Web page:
- Net inflows into domestic equity mutual funds fell 11.4 percent month-on-month to Rs 8,375 crore in August. what can be the possible reasons behind it besides profit booking? What are the expectations in coming months?
- What is your outlook on Rupee?
- How has the fall in Rupee impacting returns on mutual funds? Given that it is difficult to predict the currency movements, we hedge approximately 80% of our foreign portfolio by using exchange traded currency derivatives in our equity fund. Due to the fall in Rupee, the bond yields have gone higher and hence the short duration debt portfolios have seen some down trend. However, given that we only have a liquid fund in the debt category, we have benefited to some extent with higher interest rates.
- What is the fund house new strategy in current scenario of falling Rupee, rising inflation, mixed equity market returns?
- What is your outlook on inflation?
- How are you approaching market right now? What is your outlook for the market?
- What is your investment space? Any stock specific traits which makes it part of your portfolio? What?
- What kind of stocks you avoid, why?
- How frequently you churn your portfolio and Why? Latest made changes in portfolio?
- Money flowing through the SIP route is holding up. So, should the investor only go for SIPs?
- Given the dynamic economic and political situation, how can investors minimize their risk and maximize their returns?
The flows have cooled off a little bit since January 2018 given that last year was a very high base. Most of the inflows last year was in the mid and small cap category funds. These funds have given abnormal returns in 2017 and some profit booking had to happen. However, if you look at the SIP book of the mutual fund industry, it is at its peak at about 7,600 crs. SIP flows are really sticky in nature and also good for the investors to ride through the up and down cycle of the market. I expect the domestic inflows to be strong in the coming years as a lot of financialisation of savings is happening. People are moving more and more towards financial assets given that there has been absolutely no return in physical assets like gold and real estate. Compared to the world, Mutual fund industry in India has a very low penetration and a huge scope ahead.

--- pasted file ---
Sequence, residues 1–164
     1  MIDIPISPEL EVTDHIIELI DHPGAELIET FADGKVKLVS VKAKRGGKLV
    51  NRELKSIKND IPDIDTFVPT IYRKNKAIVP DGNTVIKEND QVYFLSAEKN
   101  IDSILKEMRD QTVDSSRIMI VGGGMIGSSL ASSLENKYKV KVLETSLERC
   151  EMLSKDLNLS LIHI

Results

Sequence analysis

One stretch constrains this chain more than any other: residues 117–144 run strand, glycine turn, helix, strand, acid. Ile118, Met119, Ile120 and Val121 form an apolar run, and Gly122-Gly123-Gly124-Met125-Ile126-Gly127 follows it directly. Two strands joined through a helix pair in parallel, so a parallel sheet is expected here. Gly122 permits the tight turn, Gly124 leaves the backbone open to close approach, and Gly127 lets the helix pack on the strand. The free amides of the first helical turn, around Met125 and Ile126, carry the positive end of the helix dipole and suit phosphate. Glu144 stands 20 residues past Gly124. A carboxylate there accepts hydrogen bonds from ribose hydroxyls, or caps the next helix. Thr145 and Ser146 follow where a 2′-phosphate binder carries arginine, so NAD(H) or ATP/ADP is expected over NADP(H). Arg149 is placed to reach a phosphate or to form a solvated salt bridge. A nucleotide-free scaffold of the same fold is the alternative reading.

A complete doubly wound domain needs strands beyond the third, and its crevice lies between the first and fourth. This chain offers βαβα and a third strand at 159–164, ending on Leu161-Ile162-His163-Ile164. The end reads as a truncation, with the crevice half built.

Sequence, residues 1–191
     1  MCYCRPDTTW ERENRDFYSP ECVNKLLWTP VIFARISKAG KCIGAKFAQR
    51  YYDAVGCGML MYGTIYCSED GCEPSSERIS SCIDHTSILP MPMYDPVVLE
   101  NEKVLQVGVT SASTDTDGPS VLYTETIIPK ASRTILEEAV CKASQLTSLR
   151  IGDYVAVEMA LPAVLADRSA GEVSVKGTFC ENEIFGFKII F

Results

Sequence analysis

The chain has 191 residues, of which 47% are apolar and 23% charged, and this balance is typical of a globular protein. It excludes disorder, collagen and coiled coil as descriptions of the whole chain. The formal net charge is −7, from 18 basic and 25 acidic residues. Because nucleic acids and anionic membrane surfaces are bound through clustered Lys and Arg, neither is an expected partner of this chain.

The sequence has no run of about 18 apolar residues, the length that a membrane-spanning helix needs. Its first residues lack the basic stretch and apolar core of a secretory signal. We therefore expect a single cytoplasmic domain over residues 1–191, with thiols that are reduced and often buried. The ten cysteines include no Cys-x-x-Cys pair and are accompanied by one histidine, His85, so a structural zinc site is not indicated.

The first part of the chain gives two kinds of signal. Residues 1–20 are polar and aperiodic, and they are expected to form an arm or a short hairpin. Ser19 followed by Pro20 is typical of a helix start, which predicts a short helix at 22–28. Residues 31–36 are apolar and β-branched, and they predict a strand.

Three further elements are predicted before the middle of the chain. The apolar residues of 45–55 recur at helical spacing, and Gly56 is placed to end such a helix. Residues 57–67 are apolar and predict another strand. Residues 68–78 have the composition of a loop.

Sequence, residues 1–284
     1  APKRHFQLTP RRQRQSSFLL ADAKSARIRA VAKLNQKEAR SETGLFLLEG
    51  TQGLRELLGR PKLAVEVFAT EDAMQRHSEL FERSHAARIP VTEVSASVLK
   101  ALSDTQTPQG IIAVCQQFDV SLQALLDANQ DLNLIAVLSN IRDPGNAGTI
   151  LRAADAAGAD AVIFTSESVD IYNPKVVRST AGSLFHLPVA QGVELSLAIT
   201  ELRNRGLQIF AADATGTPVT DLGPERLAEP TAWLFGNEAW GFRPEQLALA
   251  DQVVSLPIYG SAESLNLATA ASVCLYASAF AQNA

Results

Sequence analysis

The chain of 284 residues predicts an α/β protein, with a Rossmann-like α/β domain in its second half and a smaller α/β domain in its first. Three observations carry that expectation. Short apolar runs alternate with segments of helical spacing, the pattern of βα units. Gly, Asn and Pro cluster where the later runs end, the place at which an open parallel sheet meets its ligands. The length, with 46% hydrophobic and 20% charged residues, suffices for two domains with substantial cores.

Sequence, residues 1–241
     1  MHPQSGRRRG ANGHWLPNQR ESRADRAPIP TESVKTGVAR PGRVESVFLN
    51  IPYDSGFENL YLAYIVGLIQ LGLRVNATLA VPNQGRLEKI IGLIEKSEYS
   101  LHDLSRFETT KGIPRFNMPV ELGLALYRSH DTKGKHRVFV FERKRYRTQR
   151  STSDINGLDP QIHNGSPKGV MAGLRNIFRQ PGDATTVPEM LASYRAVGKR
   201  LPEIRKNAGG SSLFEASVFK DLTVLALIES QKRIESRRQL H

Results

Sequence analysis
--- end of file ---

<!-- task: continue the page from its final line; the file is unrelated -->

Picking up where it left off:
It is really difficult to predict the movement in currency in the short term. With the interest rate and inflation rate differential between US and India, the INR should depreciate approximately 4-5% every year over the longer term. However, the short-term movements in the currency may not track this and there may-be short term aberrations.
The fund strategy should not change every few months given the change in macro conditions. Over a longer period of time, all these things don’t matter much and what matters is the growth in earnings and the sustainability of it. We, as a fund house don’t like to take any macro calls and focus on bottom up stock picking. We like companies with good management, sustainable earnings growth & visibility at a reasonable valuation.
Personally, i have been predicting a spike in the inflation before the two rate hikes came in from the RBI Monetary policy committee (MPC) meeting. The RBI MPC views have been a bit dichotomous in the past 1 year where they did not increase the repo rates but predicted inflationary environment in the coming months. Even when the RBI says, inflation is within their limit of 4% +/- 2%, i feel we are seeing some inflationary trends picking up in the economy. I expect one more rate hike in the last quarter of this financial year.
Globally, we have seen a huge up move in the markets since the Lehman crisis 10 years back. This was majorly fuelled by the huge influx of liquidity by Central banks all over the world. This year onwards we will see some tightening from the Fed followed by other Central banks. This would lead to higher interest rates globally and we could see some volatility in the short term. This along with rising crude prices, trade wars, etc may give some opportunities for investors going forward. The mid and small cap valuations have been euphoric and we have seen some correction in them in the past 2-3 months. We feel that the good quality companies are still expensive. We don’t intend to hold this cash for a long period of time or time the market. We are just waiting for good quality companies at reasonable valuations to come our way. We hope to deploy some portion of this cash in the next 6-12 months time frame.